No…I didn’t quit my job and become a barista. I did come to the conclusion that I deserved a better job than the one I had, and that Los Angeles was not the right place for me or my family. Within a month, I took a job in Cleveland. Within two, we were home. The bleakness shifted and changed, but many of the pressures were still there; the stress of the moves and the job had taken a toll on the marriage, leading to new issues and hard times of a different sort.
This is when I started wandering on my own. I would get in the car and drive, allowing the road to wash away the stress and lose myself in other places, other sights. At first, I would drive east from our home in Shaker Heights, OH to the woods and hills of Geauga county, stopping off in Amish country, taking in the sights of the fields, the small towns, the different pace and culture. This is when I got it in my head that it would be amazing to be able to just wander the Earth, seeing places, meeting people, and writing about them. But where would I go?
Affogato. The coffee shop where The Baristas was filmed was called Affogato. I looked it up on Google maps. Two hours. It was only two hours away.
I decided, what the hell: I was going to drive two hours to get a cup of coffee. I took off early on a Sunday morning and arrived outside the brick building with the Big Red A on the front just in time to get breakfast from the pancake bar and a cup of good coffee.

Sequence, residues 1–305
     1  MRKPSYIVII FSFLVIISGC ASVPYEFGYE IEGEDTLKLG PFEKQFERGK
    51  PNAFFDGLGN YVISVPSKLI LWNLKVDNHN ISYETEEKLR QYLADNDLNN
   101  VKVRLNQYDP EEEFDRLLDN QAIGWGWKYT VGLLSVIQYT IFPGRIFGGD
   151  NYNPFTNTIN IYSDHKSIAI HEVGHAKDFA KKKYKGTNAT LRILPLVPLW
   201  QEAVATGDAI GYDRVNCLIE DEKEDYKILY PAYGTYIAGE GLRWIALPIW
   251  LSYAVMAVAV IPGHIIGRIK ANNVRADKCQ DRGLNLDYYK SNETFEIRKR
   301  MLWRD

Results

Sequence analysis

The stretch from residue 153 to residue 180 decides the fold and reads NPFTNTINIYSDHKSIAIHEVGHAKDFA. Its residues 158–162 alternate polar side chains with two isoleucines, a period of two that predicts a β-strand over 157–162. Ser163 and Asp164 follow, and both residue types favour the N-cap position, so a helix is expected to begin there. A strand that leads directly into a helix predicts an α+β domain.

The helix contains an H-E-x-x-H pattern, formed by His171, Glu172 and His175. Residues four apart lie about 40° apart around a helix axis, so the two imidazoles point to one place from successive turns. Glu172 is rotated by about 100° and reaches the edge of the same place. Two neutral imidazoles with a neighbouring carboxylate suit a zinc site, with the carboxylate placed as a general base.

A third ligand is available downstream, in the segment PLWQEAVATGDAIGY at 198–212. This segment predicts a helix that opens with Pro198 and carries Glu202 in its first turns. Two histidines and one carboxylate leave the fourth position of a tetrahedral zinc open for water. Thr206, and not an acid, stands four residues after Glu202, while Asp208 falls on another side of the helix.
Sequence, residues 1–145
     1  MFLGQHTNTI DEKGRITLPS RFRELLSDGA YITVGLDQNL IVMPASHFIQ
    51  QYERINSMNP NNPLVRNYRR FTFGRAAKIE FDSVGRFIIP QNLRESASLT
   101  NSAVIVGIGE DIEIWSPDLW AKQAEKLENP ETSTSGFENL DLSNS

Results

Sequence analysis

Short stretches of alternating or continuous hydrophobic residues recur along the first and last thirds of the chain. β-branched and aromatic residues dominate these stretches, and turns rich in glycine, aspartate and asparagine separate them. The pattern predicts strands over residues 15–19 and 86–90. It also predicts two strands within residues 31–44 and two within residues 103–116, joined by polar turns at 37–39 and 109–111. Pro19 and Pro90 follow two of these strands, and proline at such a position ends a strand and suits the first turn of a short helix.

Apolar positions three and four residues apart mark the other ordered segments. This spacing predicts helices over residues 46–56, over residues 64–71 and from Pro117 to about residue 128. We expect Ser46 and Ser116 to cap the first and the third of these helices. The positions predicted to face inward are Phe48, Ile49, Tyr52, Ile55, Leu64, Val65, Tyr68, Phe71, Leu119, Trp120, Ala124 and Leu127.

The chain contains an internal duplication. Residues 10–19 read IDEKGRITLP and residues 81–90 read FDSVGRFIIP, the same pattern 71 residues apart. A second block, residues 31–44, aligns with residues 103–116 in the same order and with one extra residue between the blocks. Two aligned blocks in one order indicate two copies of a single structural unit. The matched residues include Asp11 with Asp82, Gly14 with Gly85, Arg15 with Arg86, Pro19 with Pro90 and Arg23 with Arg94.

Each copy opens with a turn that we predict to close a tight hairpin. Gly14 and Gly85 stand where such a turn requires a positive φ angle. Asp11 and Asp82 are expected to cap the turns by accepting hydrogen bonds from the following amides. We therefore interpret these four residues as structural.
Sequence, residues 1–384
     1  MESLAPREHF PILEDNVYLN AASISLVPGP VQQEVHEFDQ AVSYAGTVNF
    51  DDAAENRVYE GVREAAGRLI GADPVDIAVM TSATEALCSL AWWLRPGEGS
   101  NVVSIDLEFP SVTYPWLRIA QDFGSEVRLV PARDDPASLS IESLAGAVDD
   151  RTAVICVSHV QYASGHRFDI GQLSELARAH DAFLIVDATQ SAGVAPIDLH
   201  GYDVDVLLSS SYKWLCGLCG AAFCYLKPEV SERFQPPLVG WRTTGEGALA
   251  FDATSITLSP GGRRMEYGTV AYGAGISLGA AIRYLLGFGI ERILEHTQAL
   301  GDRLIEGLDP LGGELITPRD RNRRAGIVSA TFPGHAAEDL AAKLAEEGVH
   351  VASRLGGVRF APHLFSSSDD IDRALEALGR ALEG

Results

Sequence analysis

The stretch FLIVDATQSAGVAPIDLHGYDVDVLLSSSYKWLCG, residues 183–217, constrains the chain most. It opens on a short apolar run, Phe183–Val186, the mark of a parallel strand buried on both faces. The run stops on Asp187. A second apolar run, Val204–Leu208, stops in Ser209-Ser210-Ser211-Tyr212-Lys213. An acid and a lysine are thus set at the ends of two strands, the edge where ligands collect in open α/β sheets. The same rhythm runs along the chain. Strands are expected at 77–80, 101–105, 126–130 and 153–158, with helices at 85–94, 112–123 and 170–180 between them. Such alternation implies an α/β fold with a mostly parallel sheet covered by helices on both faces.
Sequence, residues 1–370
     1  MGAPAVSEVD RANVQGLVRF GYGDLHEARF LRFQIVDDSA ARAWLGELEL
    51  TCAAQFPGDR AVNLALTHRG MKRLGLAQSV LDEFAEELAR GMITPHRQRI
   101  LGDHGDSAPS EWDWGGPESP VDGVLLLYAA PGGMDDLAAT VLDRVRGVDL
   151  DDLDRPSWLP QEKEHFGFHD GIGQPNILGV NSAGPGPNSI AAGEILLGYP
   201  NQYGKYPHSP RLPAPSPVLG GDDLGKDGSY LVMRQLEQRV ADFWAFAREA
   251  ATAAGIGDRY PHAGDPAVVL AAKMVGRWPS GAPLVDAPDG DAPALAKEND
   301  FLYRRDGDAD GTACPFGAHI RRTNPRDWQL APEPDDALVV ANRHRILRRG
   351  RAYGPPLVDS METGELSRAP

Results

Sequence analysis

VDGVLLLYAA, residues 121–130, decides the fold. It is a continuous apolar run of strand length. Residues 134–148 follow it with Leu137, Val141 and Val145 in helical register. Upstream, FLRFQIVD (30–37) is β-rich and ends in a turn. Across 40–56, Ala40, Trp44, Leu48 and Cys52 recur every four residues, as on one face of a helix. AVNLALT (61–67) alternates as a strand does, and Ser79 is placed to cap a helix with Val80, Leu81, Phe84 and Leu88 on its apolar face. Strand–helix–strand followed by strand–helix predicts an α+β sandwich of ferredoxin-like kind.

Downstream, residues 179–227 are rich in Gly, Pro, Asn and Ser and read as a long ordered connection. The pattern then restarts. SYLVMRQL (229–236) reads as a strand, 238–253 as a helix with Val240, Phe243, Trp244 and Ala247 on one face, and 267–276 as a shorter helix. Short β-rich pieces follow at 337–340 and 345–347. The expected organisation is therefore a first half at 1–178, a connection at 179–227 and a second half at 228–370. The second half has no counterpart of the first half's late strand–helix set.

Affogato was located in a borough called Bellevue. It had the same sort of bohemian sensibility as Cleveland Heights did back in the 1990s. It mixed the not-so-well-off with the artists and creative folks in a way that makes the most fascinating neighborhoods so worthwhile. I loved it. I decided to make a trip back in August and interview the proprietor.
Affogato was owned by Victoria Dilliott. She bought the place when she was twenty-two and had worked hard to make it the center of the community. When I met her, she graciously allowed me to chat with her, letting me tag along on her supply run to Costco, telling me the long story of the cafe’s existence, about how she and Justin Kownacki (the writer/director of The Baristas) met, about the filming, and about how she was looking to sell the place and move on to something new.
Sell the place. Move on. As a romantic who had only visited three times and connected with the place because of a web sitcom, I couldn’t fathom why she would want to do such a thing. As a man with responsibilities, as one who knew a little about how business worked and who remembered how bad the economy got during the housing bust, I got it. Affogato really peaked in 2005–2007: business was good, there was an active community of independent artists working on everything from Podcamp Pittsburgh to shared office space for small business ventures. When the bottom fell out in 2008, it was hard to make ends meet. All business slowed. After a while, Victoria and her husband were talking more and more about starting a family. She put a deadline of September down. She put it up for sale.
It was close. Damn close. She did sell it in the end. Justin and the cast of The Baristas continued to film there while the renovations by the new owners took place. I visited one more time in February of 2012, but the magic had gone. It wasn’t the same place.
Affogato closed in May of 2012.
Around Memorial Day of that year, I drove past the place on my way to Baltimore. The big red A was gone; it was a hair salon or nail parlor or some such joint. It is the way of the world, few things last; even the Arabica on Coventry is long gone, replaced by a nightclub. Things change. Neighborhoods shift. People move on.
I still have my Affogato travel mug. It makes me smile. In the end, it was never really about the coffee.